Private Cygnus Spacecraft Launch Thursday May Be Visible from US East Coast

OA-4 Atlas V Roll-Out
On Dec. 2, 2015, the Atlas V rocket carrying the Orbital ATK Cygnus spacecraft was rolled out to the launch pad, in preparation to deliver cargo to the International Space Station. (Image credit: Orbital ATK (via Flickr))

People in the eastern United States might be able to see a private cargo spacecraft launch toward the International Space Station on Thursday evening (Dec. 3).

Orbital ATK's uncrewed Cygnus freighter is scheduled to blast off atop a United Launch Alliance Atlas V rocket from Cape Canaveral Air Force Station in Florida on Thursday at 5:55 p.m. EST (2255 GMT). You can watch the launch live here at, courtesy of NASA TV.

Thursday's launch will be the first for Cygnus since Oct. 28, 2014, when its Antares rocket exploded just seconds after liftoff. (Orbital ATK is revamping Antares, and is using the Atlas V until the new version is ready to go.) [Cygnus Cargo Spacecraft Ready For Return to Flight (Video)]

The Cygnus' path to space will take it nearly parallel to the U.S. East Coast on Thursday, so the glow created by the two-stage Atlas V's engines should be visible in varying degrees along much of the Eastern Seaboard, weather permitting.

The Atlas V's first stage is powered by a single RD-180 engine, which will burn for 4 minutes and 15 seconds before shutting down. Six seconds later, the rocket's first and second stages will separate. Ten seconds after that, the second stage — the Centaur, which utilizes one RL 10C engine — will be fired, and will burn for 13 minutes and 45 seconds. The Cygnus spacecraft will separate from the upper stage 2 minutes and 49 seconds later and head into orbit.

The Atlas V first stage should create a fairly conspicuous light in the night sky, while the second stage's glow will likely be considerably dimmer. 

What to expect

The Orbital ATK Cygnus spacecraft undergoes encapsulation in the Atlas V rocket fairing at NASA's Kennedy Space Center on Nov. 16, 2015. (Image credit: Orbital ATK (via Flickr))

The launch should be readily visible in much of the southeastern United States, thanks to the fiery output of the Atlas V's first-stage engine. The light emitted will be visible for the first 4 minutes and 15 seconds of the launch out to a radius of about 500 miles (800 kilometers) from Cape Canaveral — an area about three times the size of Texas.

Depending on where you are located relative to Cape Canaveral, the Atlas V might become visible just seconds after it blasts off Thursday, or up to 4 minutes or so later.

After the first stage shuts down, the Atlas V will be quite a bit dimmer. Just how much dimmer? A comparison with the glow produced by SpaceX's Falcon 9 rocket, which launches the company's Dragon capsule on cargo missions to the International Space Station (ISS), might be instructive.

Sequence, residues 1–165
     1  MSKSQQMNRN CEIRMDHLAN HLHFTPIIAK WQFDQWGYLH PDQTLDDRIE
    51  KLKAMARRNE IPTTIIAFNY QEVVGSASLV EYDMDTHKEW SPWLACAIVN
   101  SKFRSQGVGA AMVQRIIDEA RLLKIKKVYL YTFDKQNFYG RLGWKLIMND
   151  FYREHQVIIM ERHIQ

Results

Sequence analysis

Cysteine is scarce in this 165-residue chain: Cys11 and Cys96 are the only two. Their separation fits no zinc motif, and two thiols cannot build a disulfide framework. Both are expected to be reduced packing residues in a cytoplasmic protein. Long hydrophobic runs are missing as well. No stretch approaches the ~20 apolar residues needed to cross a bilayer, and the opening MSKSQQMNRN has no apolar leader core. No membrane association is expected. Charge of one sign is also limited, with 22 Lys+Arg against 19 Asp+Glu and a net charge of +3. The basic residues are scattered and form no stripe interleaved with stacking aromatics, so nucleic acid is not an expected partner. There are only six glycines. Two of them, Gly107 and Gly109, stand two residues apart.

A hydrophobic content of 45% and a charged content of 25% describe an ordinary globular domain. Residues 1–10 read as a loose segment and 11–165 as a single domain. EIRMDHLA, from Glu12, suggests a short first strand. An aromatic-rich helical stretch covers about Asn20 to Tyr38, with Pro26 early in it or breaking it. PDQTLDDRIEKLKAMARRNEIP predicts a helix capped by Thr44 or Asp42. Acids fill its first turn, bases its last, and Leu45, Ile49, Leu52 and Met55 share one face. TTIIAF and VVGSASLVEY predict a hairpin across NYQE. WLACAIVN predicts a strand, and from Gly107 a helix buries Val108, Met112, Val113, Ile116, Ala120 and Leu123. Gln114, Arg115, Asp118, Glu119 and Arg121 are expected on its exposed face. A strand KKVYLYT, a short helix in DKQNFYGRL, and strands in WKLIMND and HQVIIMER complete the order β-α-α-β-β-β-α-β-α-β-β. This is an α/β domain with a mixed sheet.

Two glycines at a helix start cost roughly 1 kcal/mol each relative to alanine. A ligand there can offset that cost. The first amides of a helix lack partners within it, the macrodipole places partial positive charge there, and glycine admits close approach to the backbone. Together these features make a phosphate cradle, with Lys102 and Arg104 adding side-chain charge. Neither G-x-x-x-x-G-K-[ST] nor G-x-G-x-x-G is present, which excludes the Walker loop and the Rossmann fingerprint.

On Jan. 10 of this year, Kurt Fanus of the SeeSat-L Internet list observed a Dragon cargo launch from Richmond, Virginia. He described seeing "a diffuse glow traversing the eastern sky. The view through 20 x 80 binoculars was nice, with a good exhaust plume filling the right two-thirds of the field of view. The glowing exhaust cone was a bright orange; the 'glow' was brighter than 4th magnitude, but most likely never got to 2nd magnitude, so for the majority of the pass, it hovered around 3rd magnitude. I could be off due to the moonlight, so on a really dark night it would be simple to show the ascent to the general public." [The World's Tallest Rockets: How They Stack Up]

Where to look

  • Southeast U.S. coastline: Anywhere north of Cape Canaveral, viewers should initially concentrate on the south-southwest horizon. If you are south of the Cape, look low toward the north-northeast. If you're west of the Cape, look low toward the east-northeast. 
  • Mid-Atlantic region: Look toward the south about 3 to 6 minutes after launch.
  • Northeast: Focus your gaze low toward the south-southeast about 6 to 8 minutes after launch. 
  • Nova Scotia and Newfoundland: Concentrate your gaze low toward the south-southwest about 8 to 10 minutes after launch. 

For most viewers, depending upon your distance from the coastline, the rocket will be relatively low on the horizon — about 5 to 15 degrees. (Reminder: Your fist on an outstretched arm covers about 10 degrees of sky.) So be sure there are no buildings or trees to obstruct your view. 

The exceptions are along the immediate Atlantic coast of Nova Scotia, where the Atlas V will be seen to climb rather high into the southeast sky, and the Avalon Peninsula of southeast Newfoundland, where it will pass almost directly overhead. Because the rocket will likely appear rather small and fuzzy, scanning the sky with binoculars can't hurt.

Also keep in mind that the vehicle likely will appear to move very fast, much faster than a satellite, due to its near-orbital velocity at low altitudes. The Atlas V will basically travel across 90 degrees of azimuth in less than a minute.

Joe Rao serves as an instructor and guest lecturer at New York's Hayden Planetarium. He writes about astronomy for Natural History magazine, the Farmer's Almanac and other publications, and he is also an on-camera meteorologist for News 12 Westchester, N.Y. Follow us @Spacedotcom, Facebook or Google+. Originally published on

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Joe Rao
Skywatching Columnist

Joe Rao is's skywatching columnist, as well as a veteran meteorologist and eclipse chaser who also serves as an instructor and guest lecturer at New York's Hayden Planetarium. He writes about astronomy for Natural History magazine, the Farmers' Almanac and other publications. Joe is an 8-time Emmy-nominated meteorologist who served the Putnam Valley region of New York for over 21 years. You can find him on Twitter and YouTube tracking lunar and solar eclipses, meteor showers and more. To find out Joe's latest project, visit him on Twitter.